Sabré Cook: Under the Visor

Sabré Cook’s name was chosen to make her stand out – but in the end it was the sharp brain and exceptional driving skills that did the talking.

Sabré (pronounced Say-bruh) said: “My mum Melissa wanted it to be different and she heard her friend mention a French name which she really liked. I think it’s cool – although I do have to explain the pronunciation to most new people I meet.”

As a respected member of the W Series race team, Sabre’s 160mph laps are attracting the attention of plenty of new faces in the motor racing world – but she didn’t always enjoy driving at high speeds.

 The 24-year-old explains: “I suppose I was always destined to be on a race track in one way or another. My dad used to race motocross and super cross in the 80s until he retired, started a family and found karting as a fun replacement. Then in 2001, along with my uncle, grandpa and an additional investor, he decided to build a race track and try to turn it into a profit. 

“Most of my childhood was spent at the race track trying to help run the family business and I got my first kart aged 8. Initially I was so excited but then I spun out and scared the c*** out of myself (I didn’t realise you had to brake on corners). So I started driving really slowly and earned myself the nickname ‘Driving Miss Daisy’.

“There was also a sticker on the back of my kart with the cartoon of a girl – and the caption read: ‘You’ve just been passed by a girl’. I hated it.”

But it was when the teasing intensified that Sabré decided to fight back. She said: “This little boy was teasing me about being slow and at the back. I remember crying later on to my dad and saying: ‘If I had a faster kart I could win’.

“I just decided I was going to start winning and I did. Looking back on it, I felt like I wasn’t really living before that incident. But then the lights came on and I fell in love with karting. It also meant that me and my dad started to bond over motorsports and spent countless hours at the track together.”

It didn’t matter to Sabré that most other girls her age were going to the mall with their moms and playing with dollies.

“I remember purposefully refusing to play with Barbies and sold a whole bag of mine for a few dollars at a garage sale. My parents weren’t pleased as they were more expensive than a few dollars.

“I also hated the colour pink and refused to wear it. I didn’t want to be a girly girl. I wanted to be seen as being just as strong and good as the guys I was hanging out with, including my brother Tristan who is two years younger.”

“I enjoyed getting dirty and running around in mud. And as a teenager, I often wore boys’ clothes and cut my hair short.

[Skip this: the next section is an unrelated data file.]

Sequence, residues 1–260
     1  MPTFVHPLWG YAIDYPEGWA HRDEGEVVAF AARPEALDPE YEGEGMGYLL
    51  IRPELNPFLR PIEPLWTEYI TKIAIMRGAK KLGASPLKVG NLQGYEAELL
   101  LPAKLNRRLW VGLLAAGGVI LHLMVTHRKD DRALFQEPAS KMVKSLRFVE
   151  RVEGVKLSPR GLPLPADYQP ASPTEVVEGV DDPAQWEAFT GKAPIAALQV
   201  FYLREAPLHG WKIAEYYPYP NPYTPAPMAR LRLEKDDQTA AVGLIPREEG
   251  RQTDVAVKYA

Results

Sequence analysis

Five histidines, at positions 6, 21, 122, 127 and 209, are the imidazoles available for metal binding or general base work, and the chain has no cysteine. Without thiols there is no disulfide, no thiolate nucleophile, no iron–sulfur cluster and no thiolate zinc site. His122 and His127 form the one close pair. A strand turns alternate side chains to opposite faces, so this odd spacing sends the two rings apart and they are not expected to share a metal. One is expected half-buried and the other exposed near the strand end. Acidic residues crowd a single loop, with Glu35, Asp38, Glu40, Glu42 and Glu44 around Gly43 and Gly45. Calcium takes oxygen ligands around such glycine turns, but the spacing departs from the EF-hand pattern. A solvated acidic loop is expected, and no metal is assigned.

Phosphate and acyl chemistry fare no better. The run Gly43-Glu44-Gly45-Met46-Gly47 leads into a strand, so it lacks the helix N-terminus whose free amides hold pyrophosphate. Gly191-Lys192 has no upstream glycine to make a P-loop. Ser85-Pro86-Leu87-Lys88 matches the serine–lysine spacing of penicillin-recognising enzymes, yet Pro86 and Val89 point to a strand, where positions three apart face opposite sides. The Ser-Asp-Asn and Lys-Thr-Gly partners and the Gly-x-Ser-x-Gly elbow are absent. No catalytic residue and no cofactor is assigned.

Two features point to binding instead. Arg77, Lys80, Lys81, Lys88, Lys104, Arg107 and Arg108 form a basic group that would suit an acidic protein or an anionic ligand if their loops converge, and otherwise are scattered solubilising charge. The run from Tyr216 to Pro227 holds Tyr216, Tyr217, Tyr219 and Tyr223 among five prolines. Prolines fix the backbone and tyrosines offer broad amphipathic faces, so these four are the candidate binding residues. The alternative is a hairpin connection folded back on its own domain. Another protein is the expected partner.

“But at the same time I was one of the those children who wanted to please my parents and do what made them happy.”

Sabré progressed from a Comer 50 kart through Comer 80 to a faster Mini Max. She eventually won her first World Championship in a TAG Junior kart aged just 13.

She said: “I swept the whole weekend and I remember slowing down at the end thinking: ‘Wow! That just happened. This is what I want to do for the rest of my life It was like time slowed down.”

Just four years later, Sabré became the first female to win the SKUSA Pro Tour National Championship. She recalled: “When I got called up on the presentation stage, the entire room stood up and started clapping and I felt so appreciated. A couple of girls in the audience later told me they carried on racing because they were there watching what I had achieved that day and I’m really proud of that.

“I want the attention to be on how I drive, not what gender I am or how I look. Being in the zone in a car on the track is definitely a unique feeling. There are days when I don’t feel in tune but when it’s all going well it feels powerful and fun. You have to trust yourself and your car but I still have a lot to learn.”

Aside from amassing trophies on the race track, Sabré has won impressive plaudits in the classroom – a factor which secured her a place at a prestigious US university called Colorado School of Mines and eventually propelled her into a sought-after traineeship at the Infiniti Engineering Academy run by Infiniti in Milton Keynes, UK, and Renault F1, also in UK-based Enstone.

She currently works at Infiniti Technical Centre as a test engineer resolving noise issues and will go to Renault F1 next month to work in composite design. Sabré is focussed on achieving her ultimate dream of being an Indy car driver and head F1 race engineer.

Sabré said her love affair with F1 began when she was a teen. “When I was around 15/16, I made a poster of the F1 season and taped it to the back of my bedroom door so I could keep track of all the drivers and teams.

“Mark Webber was my favourite driver because he dealt with things so well and seemed really level-headed,” she said.

Now Sabré is edging closer to her own F1 dream as part of the W Series team. She said: “I didn’t know what to expect from the first race because I’d never raced a car in Europe before. The racing is tight and the whole experience is unreal. I’m not used to all the elaborate hospitality and benefits we are receiving. It’s incredible and I’m really grateful to everyone involved.

“I would love to win the series but I’m going to be realistic and improve my performance.”

Qualifying for W Series was an emotional moment for both Sabre and her dad Stacey. She said: “When the evaluation events were on he couldn’t sleep. He is really proud and super excited.”

Sabré’s other number one fan is her chocolate Labrador Amicus (meaning ‘friend’ in Latin) and when she is not walking with her dog she enjoys hiking, cycling, reading, camping, musicals, painting, drawing and driving her go kart at her family’s track.

“The biggest thing I’m focussed on now is simply being happy – and I think that’s all about balance.”

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